Tohono O’odham, the People of the Desert

In the Sonora Desert of south central Arizona, a people reside whose ancestry goes back 100s of years. These are the Tohono O’odham, formerly know as the Pagago Indian tribe, a name translating to “bean eaters” that was rejected by the tribal members who felt it was derogatory.

The reservation, constituting more than 2.8 million acres lies in four disconnected districts, framed by borders south of Casa Grande, including portions of Pinal and Pima Counties and extending south to the Mexican border.

As of December, 2000, the population of Tohono O’odham was estimated at 24,000.

Tohono O’odham people are known principally in the Native American craft world for their baskets. Most Tohono O’odham baskets are monochromatic green or tan, the natural color of the river grass used to weave them.

This Tohono O’odham basket in our collection is a dramatic example of polychromatic weaving in an extraordinary plaque basket.

In the visual arts, Michael Chiago and the late Leonard Chana achieved recognition for paintings and drawings of traditional O'odham activities and scenes. Chiago has exhibited at the Heard Museum and has contributed cover art to Arizona Highways magazine and University of Arizona Press books; Chana illustrated books by Tucson writer Byrd Baylor and created murals for Tohono O'odham Nation buildings.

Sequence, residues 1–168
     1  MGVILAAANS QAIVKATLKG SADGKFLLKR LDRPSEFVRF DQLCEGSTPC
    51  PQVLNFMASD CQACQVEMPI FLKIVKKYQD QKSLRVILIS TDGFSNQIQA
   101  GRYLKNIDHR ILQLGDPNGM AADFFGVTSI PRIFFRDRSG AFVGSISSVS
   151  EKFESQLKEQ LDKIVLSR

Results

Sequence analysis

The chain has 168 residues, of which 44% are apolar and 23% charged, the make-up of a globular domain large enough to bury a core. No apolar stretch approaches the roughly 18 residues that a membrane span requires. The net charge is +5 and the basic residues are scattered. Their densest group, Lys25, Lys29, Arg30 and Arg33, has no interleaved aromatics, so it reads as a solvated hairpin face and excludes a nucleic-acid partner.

At the National Museum for the American Indian (NMAI), the Tohono O'odham were represented in the founding exhibition. Mr. Lopez blessed the exhibit. In 2004, the Heard Museum awarded Danny Lopez its first heritage award, recognizing his lifelong work sustaining the desert people's way of life.

Among the more visible aspects of Tohono O’odham are the Desert Diamond Casino, which funds a portion of the tribes activities (but not all) and a major tourist attraction near Tucson, Mission San Xavier del Bac, the "White Dove of the Desert." The mission, founded in 1700 by the Jesuit missionary and explorer Eusebio Kino, is in the San Xavier District. The current church building was constructed by the Tohono O'odham and Franciscan priests from 1783 to 1797. It is one of many missions built in the southwest by the Spanish on their then-northern frontier.


Tribal Artery is a periodic blog by William Ernest Waites and Susanne Waites, proprietors of Aboriginals:Art of the First Person, an online gallery with links at,, and